Indian IT firms in US defeat American peers in job creation

by Sohini Bagchi    Jul 25, 2013

INDIANIT

Indian IT firms in the US have overpowered their American counterparts in job creation. At a time when companies such as IBM and Accenture are planning to cut down their workforce, Indian IT companies in the US are optimistic about their recruitment numbers. Reportedly, Indian companies in the US have also enjoyed a much better track record in the last 5 years when it comes to talent creation and recruitment.

According to a recent Nasscom report, Indian companies across industry generated more than 280,000 jobs in the United States, Even though overall unemployment in the United States remains extremely sluggish. The U.S. government figures show investments from India to the US grew by 90 percent over the past five years.

The Indian IT industry paid more than $15 billion in taxes to the U.S. treasury from 2007-2012, according to the report. In addition, the report found Indian technology companies have invested more than $5 billion through 138 acquisitions, sustaining thousands of jobs in the United States.

In contrast, global software giant IBM’s US headcount is estimated at 91,000 for 2012, down sharply from 13 lakh in 2005, according to an IBM data. In contrast, IBM added 1 lakh people since 2006 in its overseas offices. Its strength in India grew from 36,000 in 2005 to an estimated figure of 150,000 in the current year. The employee strength in Accenture’s US offices was also very marginal, with headcount growing from 32,318 in 2008 to just 38,000 in fiscal 2012, adding its headcount in other places and the company is bullish on Indian market.

“India continues to remain a primary destination for global delivery and it’s not surprising to know that US companies are adding headcount here,” Siddharth Pai, partner and president of Asia Pacific, ISG told Economic Times.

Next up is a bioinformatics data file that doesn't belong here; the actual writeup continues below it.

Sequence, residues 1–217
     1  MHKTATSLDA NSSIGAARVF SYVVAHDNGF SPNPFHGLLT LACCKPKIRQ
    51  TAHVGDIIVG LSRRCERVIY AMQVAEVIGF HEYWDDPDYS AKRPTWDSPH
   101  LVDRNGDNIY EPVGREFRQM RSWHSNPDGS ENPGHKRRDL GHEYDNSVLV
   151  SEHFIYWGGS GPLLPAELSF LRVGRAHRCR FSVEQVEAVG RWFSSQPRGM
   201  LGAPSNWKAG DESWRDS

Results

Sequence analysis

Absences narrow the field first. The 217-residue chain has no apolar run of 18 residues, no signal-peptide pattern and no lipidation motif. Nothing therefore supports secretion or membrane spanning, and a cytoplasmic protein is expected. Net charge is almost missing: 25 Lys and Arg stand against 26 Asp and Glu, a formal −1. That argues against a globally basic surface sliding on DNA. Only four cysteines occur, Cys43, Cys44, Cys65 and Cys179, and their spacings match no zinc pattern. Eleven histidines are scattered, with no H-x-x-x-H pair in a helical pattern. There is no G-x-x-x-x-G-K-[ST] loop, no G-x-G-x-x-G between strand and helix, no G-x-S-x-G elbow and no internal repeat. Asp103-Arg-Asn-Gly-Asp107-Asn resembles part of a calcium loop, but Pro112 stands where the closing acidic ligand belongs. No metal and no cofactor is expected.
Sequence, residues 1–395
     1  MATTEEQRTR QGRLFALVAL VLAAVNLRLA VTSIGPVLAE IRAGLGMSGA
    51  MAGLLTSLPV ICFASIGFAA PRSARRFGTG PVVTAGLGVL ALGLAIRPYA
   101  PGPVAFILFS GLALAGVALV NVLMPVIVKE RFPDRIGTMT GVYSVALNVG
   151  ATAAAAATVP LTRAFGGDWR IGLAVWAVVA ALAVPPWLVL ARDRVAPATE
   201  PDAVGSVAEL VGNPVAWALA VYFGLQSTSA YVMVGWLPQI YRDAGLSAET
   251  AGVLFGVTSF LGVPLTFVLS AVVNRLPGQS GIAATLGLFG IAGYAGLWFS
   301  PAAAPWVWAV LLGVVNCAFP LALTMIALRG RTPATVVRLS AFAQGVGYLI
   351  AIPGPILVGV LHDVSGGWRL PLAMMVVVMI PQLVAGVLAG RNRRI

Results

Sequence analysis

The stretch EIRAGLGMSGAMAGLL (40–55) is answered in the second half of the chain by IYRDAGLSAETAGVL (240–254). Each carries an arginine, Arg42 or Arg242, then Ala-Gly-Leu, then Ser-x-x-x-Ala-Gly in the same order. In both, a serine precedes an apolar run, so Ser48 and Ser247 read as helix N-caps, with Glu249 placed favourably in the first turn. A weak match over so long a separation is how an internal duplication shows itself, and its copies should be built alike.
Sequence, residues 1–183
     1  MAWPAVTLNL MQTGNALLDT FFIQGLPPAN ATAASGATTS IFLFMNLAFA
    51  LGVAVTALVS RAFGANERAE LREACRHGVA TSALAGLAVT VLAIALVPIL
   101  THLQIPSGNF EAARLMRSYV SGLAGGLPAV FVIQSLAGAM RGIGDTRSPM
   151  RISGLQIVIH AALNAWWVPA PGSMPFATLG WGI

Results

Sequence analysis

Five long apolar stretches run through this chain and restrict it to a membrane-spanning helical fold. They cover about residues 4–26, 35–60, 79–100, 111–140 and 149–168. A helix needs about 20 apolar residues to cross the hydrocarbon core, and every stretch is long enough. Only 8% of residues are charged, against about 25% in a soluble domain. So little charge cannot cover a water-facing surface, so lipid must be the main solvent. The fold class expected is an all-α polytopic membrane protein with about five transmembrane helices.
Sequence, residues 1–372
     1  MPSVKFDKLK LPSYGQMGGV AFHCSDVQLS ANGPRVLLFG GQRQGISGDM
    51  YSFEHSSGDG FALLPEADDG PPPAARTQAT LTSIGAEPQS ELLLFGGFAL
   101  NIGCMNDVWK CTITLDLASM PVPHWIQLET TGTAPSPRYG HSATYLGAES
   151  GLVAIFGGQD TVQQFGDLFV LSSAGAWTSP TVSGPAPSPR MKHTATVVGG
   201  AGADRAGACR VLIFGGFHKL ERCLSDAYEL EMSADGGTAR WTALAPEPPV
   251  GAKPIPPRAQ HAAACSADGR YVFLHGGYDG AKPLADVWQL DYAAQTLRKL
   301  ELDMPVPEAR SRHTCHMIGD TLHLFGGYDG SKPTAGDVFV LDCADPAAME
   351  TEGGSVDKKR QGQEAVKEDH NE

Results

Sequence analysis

Of course all is not well for Indian firms as well too. Experts believe the proposed US immigration bill has certainly hit the IT job in Indian companies. Furthermore, a survey by Info Edge India revealed that the IT-Software, BPO and ITeS witnessed lower recruitment activities in the first quarter of 2013 compared to last year. For example, TCS added just 1,390 employees, the lowest in its last 15 quarters. Infosys too is not upbeat on hiring. As Hitesh Oberoi, MD and CEO, Info Edge India points out, “The macroeconomic environment is still not very robust and the pattern of job creation has been quite symbolic of caution … taking cues from the weakened global economic parameters.”

However, Indian IT industry has repeatedly helped the US economy from setting up innovation centers to driving next-generation technology development and coming up with innovative solutions to offer US citizens improved  public services, health care systems and other products at affordable rates.

Of course the US Immigration Bill may Indian IT companies. However, Sundararaman Viswanathan, Manager, Zinnov Management Consulting notes the challenge is short lived. “This move can offer interesting opportunities in the Indian market. Indian IT service providers should look at hiring overseas students who graduate out of US universities thereby expanding their pool in terms of H1,” he says. He believes that these companies could become real MNCs in the long run, adding more locals to their global workforce.